I don't want to throw terminology out just for the sake of doing so, but I do think this discussion may be advanced by briefly looking at the way that other terms that describe "fiction about a place" have been used in American literary history. For one, we have the old "local color fiction" or vernacular or dialect fiction (and poetry too—e.g., James Whitcomb Riley). This body of literature was also called regionalism generally, although in a moment I'll discuss how the terms are often differentiated qualitatively. At any rate, the object being depicted in these fictions was almost always a "backwater" or a pre-modern enclave, and some of these fictions are in a sense ethnographies, and not regionalist novels or stories in the way we think about the term after Faulkner or Flannery O'Connor.
Richard Brodhead (now the President of Duke University) has written some very interesting things about the social aspects of the rising popularity of local color fiction in the mid- to late-19th century; he argues (in Rethinking Class) that local color (or simply regionalist) fiction functioned in step with vacations (or magazine advertisements for vacation spots) as a sort of promotional tool, but it also had a broader social function. "Nineteeth-century regionalism," he says, "can be said to have manufactured, in its monthly renewed public imaging of old-fashioned social worlds, a cultural version of D. W. Winnicott's transitional object: a symbol of union with the premodern chosen at the moment of separation from it." In the aftermath of the Civil War and in the midst of extreme technological and economic transformations, this function was in special demand, and most acutely among those most separated from the actual locales being portrayed. Regionalism and local color sold exceedingly well—to the subscribers of Atlantic Monthly.
The terms do seem to refer to different standards or modes of fiction, though. Generally, "local color" referred to humorous sketches or stories; regionalism has tended to be applied to more sustained efforts, or to more serious or "better" ones. Sarah Orne Jewett might today be called a regionalist, but Edward Eggleston is probably going to be called a local colorist. Local color is the stuff that absolutely no one reads these days; regionalism still has a bit of a chance.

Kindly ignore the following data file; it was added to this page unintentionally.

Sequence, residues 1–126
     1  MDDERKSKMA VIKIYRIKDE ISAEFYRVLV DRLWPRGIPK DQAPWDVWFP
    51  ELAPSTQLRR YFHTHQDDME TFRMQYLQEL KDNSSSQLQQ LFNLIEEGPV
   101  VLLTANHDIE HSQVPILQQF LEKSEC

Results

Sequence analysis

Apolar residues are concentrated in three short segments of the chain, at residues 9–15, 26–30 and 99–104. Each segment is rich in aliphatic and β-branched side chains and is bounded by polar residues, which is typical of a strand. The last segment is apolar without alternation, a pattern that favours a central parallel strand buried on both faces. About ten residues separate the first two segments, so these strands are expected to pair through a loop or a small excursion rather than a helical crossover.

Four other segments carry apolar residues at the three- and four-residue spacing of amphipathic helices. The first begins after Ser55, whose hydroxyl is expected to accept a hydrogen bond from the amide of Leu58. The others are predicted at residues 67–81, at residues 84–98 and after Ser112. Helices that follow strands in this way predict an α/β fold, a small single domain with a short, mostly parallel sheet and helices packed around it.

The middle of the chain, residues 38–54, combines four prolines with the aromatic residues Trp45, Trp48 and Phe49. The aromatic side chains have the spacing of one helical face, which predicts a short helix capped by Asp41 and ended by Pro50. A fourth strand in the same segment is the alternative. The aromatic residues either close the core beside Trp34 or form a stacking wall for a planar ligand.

Most works called by the names regionalism or local color were necessarily about rural places, but of course there was also during this time a parallel development of a literature about urban places—what is generally called realism. I think the terminological distinction between "regionalism" and "realism" tends to be a qualitative one as well—it is presumed that cities are more complex and therefore require greater skill to render "realistically," while rural locales can be captured more easily with some broad "regional" characteristics or tropes. I just finished reading The House of Mirth today, and although it skips about in locale, the effort to create a sense of New York's streets and some of its neighborhoods is one of the most vivid things about it. (And that's saying quite a lot—it's an utterly fantastic book.) Yet I doubt anyone has ever called it a regionalist work (though tellingly, something like Ethan Frome is often called exactly that).
Today, regionalism and realism mean fairly different things. To some, realism means a sort of wan traditionalism of the novel, to others it simply means a lack of genre elements. At any rate, it has little bite. Regionalism, as I think we can see with Myers's post, has a bit more life in it as a literary critical term—or possibly as a commercial one: one can still promote a novel by calling it "an excellent regionalist novel of the [fill in the blank]."
On the other hand, I don't think I've seen any contemporary novels or short stories referred to as "local color," but I don't think that means there aren't any. The two short story collections I mentioned above would, I think, count, and just looking over the past few years of NYT Notable Books lists, one finds some other prime candidates (though I haven't read them, so I'm just going by their branding): Rebecca Barry's Later, at the Bar; Maile Meloy's Both Ways Is the Only Way I Want It; Philipp Meyers's American Rust; Jeannette Walls's Half-Broke Horses; Thomas McGuane's Gallatin Canyon; Annie Proulx's Wyoming Stories; as well as Tinkers, the new Pulitzer winner. Maybe you can think of some others.